I’m in 4th grade and my mom and dad asked the Deacon in our church how old one needed to be to become an altar boy.

“4th grade or 10 years old” Deacon Al replied.

I beamed. I was in.

One of the first things that we had to do was to “borrow” a missalette from the church and to learn all the mass parts. We were expected to respond especially at the “quieter” weekday masses which we were also required to be a server at once or twice a week at either the 6:45 AM, 8:00AM, or in the summer, 9:00AM masses.

I can remember taking the little book home and memorizing the words. I even started to try to memorize the priest’s parts as time went on. (I was apparently an overachiever).

And I think that was a good practice for me. After all, as Deacon Greg Kandra reminds us, the ENTIRE mass is for us. All of us. While the priest says certain words throughout the mass, we are not passive recipients. We are supposed to be praying along with him. One liturgist I know once said to me that this is why it bothered him so much when priests would change the words in the Eucharistic Prayer. “When you do that, you break my prayer. I want to tell the priest that the prayer isn’t his alone, rather it belongs to all the people of God.”

The truth is that it didn’t take long (now I was also a young kid with a mind like a steel trap back then. These days I can’t remember what I had for dinner last night or the name of the woman whose been sitting next to me in meetings for months).

This past Sunday I used my iPhone to follow the words of the Eucharistic Prayer that was used at mass. The so-called Elevated language that is used at times I find silly, but for the most part I didn’t find it all that different from the old prayer–perhaps just a reordering of words or a different word choice. My initial thought is that this wasn’t really worth all the hullaballoo that we’ve made over it.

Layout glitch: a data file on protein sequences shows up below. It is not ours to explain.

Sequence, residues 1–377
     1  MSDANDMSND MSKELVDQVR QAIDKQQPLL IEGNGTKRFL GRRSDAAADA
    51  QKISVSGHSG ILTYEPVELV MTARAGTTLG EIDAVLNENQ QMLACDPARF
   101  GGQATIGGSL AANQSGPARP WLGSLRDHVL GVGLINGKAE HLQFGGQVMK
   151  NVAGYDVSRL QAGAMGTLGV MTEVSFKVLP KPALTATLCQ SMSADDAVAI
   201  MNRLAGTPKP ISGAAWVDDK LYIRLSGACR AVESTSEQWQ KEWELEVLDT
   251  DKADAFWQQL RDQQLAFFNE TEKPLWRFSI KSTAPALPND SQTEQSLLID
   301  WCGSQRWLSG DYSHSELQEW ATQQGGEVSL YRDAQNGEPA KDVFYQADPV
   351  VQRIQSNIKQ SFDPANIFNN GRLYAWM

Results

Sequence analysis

As an example, not from the Eucharistic Prayer this time, but a colleague told me that a student asked their Bishop what the word “consubstantial” even means. And without blinking an eye the Bishop said “one in being with.”

That’s what we used to say. Really? This is what we spent time doing? Putting $3 words where there once was four words that people understood? I’m not sure that was worth the effort.

In the Eucharistic Prayers, the word chalice was added to replace cup. While the priest is actually holding a chalice, most historians and theologians think otherwise and believe he was holding a common drinking vessel. The inflated language is far from needed here.

The mysteries of faith are another example. I can live without the simple “Christ has died” refrain. But look closely at this one and ask yourself what’s wrong with the new translated refrain:

The old way: Lord, by your cross and resurrection, you have set us free. You are the Savior of the world.

The New Missal: Save us, Savior of the World, for by your cross and resurrection you have set us free.

The latter sounds like a plea—perhaps even as if the one who says it doesn’t by that the resurrection has saved us. If Jesus has already done the saving then why are we asking him to do it again? The old way seemed to get this point on target. The new way seems like it’s bad theology.

Here’s the one that I still don’t get:

To our departed brothers and sisters
and to all who were pleasing to you
at their passing from this life,
give kind admittance to your kingdom.
There we hope to enjoy for ever the fullness of your glory
through Christ our Lord,
through whom you bestow on the world all that is good.

I call that paragraph “The Divine Ticket Taker” –one who gives us kind admittance. I hope it’s a lot deeper than that.

I prefer Eucharistic Prayer II’s words:

Remember also our brothers and sisters
who have fallen asleep in the hope of the resurrection,
and all who have died in your mercy:
welcome them into the light of your face.
Have mercy on us all, we pray,
that with the Blessed Virgin Mary, Mother of God,
with the blessed Apostles,
and all the Saints who have pleased you throughout the ages, we may merit to be coheirs to eternal life,
and may praise and glorify you
He joins his hands.
through your Son, Jesus Christ.

While earlier in the prayer the calling down of the Holy Spirit is invoked and makes reference to the experience being like the “dewfall”–a bit literal for my tastes, but one I can live with. I hope I hear EPII or even EP IV most often.

I’m getting a bit nostalgic for the times when I was a young altar server, when the intricacies of the mass were new to me. I’m not in the same place now. These seems more annoying than anything else–perhaps it will work and perhaps not. Only time will tell.

But for better or for worse, we’d do well to read the entire new translation and figure out what we most resonate with and what other questions they might bring up for us.